The question is, if I design a plate according to their recommendations, and bond it to the flat bottom of our fin keel, will it result in significantly reduced keel vortices, and therefore increase our max attainable (vs theoretical) hull speed by say 1/2 - 1 knot?

We do a lot of cruising and racing, where the extra 1/2 - 1 knot would be a big help.

Is "the gain" worth "the pain" based on other's experience in this upgrade?
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  #4  
Old 10-20-2004, 02:55 PM
sorenfdk sorenfdk is offline
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It is true, that "...a large part part of the resistance of a keel is created by the vortices...", but remember that the resistance of the keel is just a small part of the total resistance of the entire hull.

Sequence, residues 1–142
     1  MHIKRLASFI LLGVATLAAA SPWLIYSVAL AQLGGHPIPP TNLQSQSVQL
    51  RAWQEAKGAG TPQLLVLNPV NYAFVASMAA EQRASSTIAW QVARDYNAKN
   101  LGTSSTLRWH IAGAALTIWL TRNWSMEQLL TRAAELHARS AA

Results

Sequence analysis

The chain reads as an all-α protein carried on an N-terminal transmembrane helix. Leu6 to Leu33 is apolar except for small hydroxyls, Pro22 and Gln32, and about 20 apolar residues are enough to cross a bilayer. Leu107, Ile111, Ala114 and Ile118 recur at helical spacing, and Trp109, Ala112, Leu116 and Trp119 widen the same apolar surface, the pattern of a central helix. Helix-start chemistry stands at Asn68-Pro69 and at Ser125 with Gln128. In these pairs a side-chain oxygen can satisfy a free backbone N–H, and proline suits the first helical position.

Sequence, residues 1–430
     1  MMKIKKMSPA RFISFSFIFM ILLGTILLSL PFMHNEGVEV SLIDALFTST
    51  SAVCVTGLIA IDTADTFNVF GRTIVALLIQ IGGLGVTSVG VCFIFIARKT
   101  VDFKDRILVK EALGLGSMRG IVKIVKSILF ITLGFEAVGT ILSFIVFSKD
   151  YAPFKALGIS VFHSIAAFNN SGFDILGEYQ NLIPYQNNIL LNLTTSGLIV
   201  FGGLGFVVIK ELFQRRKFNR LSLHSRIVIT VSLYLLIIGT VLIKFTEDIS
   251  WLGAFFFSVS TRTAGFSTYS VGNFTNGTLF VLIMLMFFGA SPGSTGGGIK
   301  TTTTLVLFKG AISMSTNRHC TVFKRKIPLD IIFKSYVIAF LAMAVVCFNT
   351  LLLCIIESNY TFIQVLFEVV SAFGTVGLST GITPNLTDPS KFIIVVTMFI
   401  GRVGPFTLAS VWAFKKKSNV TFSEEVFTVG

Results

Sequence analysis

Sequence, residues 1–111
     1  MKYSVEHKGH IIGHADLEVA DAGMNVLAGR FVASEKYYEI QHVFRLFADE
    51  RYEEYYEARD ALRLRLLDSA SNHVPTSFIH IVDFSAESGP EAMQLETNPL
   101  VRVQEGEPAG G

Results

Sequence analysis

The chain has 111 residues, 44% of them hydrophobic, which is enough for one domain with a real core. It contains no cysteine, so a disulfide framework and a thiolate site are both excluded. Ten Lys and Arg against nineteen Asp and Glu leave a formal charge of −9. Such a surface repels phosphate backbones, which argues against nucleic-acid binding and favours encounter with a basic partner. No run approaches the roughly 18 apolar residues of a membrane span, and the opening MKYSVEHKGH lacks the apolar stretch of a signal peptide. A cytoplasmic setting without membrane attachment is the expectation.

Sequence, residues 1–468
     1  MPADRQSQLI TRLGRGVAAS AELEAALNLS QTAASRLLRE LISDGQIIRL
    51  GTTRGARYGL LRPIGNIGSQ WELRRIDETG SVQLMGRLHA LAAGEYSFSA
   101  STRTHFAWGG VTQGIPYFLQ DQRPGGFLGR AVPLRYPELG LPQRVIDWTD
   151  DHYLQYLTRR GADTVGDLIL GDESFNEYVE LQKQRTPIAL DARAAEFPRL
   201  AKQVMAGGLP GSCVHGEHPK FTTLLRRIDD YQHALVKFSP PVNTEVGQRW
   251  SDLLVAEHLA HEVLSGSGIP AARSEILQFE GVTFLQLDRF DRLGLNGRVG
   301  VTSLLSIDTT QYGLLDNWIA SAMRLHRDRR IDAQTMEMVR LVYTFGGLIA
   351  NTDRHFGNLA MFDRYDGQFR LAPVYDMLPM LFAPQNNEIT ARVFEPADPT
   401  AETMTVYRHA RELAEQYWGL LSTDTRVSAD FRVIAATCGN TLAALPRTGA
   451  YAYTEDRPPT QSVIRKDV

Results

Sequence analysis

If you decide to put an end plate on your keel, the resistance of the keel will decrease, but you won't gain anywhere near 1 knot - maybe not even 1/2 knot.

Besides less resistance, the keel will most likely develop a tiny bit more lift (because of the increased effective aspect ratio), so youl'll be able to point a tiny bit higher, but not much. The endplate will probably lower the center of gravity (unless it's made of wood), so the stability will also be a tiny bit better.

So, is the gain worth the pain? You'll point a tiny bit higher and sail a tiny bit faster at a tiny bit smaller heel angle. I'd say this depends on your personal threshold of pain...
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  #5  
Old 10-20-2004, 04:14 PM
jehardiman jehardiman is offline